From 1650 onwards, writes Elka Schrijver, a Postmaster in Rotterdam organized Dutch seafaring mail.
Elka Schrijver describes the dramatic and bloody events of a sixteenth century siege of the Dutch city by a Habsburg army of Philip II.
W. Charnley describes how, on their route to the East Indies in the seventeenth century, the Dutch first came into dramatic contact with the mysterious Great South Land that is now Australia.
Off the Shetlands and along the English Channel, writes C.R. Boxer, Dutch East-Indiamen, wrecked by storm, are now being carefully salvaged.
In 1572, writes S.F.C. Moore, Brill was the scene of a dramatic action in the Dutch revolt against the rule of Spain.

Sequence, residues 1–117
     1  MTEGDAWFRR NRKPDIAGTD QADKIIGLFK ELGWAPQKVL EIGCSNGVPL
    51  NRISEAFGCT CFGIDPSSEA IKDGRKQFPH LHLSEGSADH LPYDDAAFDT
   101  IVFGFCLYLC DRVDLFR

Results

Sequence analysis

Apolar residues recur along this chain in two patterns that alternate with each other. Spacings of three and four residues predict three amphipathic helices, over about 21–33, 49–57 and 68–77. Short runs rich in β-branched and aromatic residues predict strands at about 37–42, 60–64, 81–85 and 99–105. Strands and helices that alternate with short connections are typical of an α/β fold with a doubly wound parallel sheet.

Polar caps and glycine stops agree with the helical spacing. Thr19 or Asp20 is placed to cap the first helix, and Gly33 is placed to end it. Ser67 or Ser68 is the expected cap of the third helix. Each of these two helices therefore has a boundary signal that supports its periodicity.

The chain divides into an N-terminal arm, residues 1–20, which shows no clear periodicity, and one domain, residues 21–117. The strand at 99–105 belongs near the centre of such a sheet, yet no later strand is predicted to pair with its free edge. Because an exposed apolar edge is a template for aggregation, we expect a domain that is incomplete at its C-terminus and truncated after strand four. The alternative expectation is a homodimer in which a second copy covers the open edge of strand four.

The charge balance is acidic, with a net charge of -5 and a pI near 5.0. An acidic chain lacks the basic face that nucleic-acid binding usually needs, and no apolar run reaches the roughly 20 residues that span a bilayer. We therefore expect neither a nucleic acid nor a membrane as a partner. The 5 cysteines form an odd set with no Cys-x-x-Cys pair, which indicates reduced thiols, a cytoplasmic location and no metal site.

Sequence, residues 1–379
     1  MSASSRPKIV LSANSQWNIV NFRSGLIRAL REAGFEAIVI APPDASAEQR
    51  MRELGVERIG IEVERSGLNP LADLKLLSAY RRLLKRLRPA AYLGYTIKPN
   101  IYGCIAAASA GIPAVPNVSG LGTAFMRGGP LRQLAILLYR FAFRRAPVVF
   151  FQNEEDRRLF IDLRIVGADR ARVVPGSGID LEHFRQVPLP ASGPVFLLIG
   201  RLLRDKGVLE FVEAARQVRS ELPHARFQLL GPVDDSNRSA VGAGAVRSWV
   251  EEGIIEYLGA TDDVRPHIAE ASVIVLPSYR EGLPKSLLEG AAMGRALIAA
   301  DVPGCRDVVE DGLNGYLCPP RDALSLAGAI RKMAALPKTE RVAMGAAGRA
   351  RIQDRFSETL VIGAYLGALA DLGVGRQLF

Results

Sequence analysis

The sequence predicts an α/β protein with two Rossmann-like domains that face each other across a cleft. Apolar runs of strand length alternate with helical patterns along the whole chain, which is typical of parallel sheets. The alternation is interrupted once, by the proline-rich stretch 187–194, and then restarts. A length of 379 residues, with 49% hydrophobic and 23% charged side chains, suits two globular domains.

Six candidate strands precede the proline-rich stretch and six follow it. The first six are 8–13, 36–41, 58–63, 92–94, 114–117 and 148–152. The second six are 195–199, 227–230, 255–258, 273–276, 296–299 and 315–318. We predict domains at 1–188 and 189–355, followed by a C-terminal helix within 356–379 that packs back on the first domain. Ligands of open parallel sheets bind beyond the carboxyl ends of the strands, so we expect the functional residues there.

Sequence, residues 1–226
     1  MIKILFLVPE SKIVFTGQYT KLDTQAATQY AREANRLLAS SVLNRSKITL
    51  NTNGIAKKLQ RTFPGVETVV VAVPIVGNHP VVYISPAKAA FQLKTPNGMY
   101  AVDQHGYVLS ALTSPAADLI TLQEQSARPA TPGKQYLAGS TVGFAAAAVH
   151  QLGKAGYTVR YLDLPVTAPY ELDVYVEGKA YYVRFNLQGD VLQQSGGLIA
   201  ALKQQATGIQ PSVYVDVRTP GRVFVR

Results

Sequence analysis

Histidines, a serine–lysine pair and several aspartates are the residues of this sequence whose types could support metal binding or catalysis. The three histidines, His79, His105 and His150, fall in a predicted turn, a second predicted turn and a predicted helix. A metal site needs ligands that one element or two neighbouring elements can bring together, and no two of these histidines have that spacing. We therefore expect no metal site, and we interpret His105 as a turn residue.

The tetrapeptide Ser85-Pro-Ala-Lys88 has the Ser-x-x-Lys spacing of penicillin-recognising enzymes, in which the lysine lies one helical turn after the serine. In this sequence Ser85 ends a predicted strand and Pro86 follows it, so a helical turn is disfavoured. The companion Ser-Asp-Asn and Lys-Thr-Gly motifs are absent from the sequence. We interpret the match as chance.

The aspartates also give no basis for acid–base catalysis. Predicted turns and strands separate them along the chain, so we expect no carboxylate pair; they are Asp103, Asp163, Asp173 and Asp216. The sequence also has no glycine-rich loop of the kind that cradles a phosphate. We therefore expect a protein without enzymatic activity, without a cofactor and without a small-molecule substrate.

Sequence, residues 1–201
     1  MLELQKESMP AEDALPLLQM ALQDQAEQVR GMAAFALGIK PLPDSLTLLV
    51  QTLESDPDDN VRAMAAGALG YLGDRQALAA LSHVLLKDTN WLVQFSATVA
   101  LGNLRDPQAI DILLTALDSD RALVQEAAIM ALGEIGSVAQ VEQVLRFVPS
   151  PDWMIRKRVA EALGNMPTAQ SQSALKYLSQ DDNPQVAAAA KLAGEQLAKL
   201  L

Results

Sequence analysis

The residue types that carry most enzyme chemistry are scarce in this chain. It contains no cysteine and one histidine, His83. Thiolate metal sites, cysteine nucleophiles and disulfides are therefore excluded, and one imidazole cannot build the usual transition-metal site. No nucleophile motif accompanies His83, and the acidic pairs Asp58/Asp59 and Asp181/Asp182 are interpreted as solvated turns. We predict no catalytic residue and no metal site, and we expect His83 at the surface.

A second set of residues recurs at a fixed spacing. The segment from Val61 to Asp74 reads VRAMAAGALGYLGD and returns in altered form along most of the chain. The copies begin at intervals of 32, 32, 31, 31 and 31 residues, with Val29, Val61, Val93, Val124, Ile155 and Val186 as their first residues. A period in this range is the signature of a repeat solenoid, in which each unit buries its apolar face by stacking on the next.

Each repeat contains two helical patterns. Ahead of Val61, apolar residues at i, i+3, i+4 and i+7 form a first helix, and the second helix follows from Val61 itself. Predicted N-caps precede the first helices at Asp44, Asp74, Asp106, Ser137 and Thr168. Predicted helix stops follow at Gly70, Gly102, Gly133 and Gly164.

Widespread fever followed military sloth, writes Antony Brett-James, and the fiasco on Walcheren brought down the tottering British Government.
Julia Jones examines The career of Willem van de Velde the Elder, the first official war artist.
The Friars Hermits of St Augustine founded their London house in 1253. L.W. Cowie describes how, after the Reformation, it became the Dutch Protestant Church.
From the sixteenth to the eighteenth centuries, writes Elka Schrijver, Bergen in North Brabant was the scene of important sieges.
Elka Schrijver describes the art and making of a northern Renaissance man.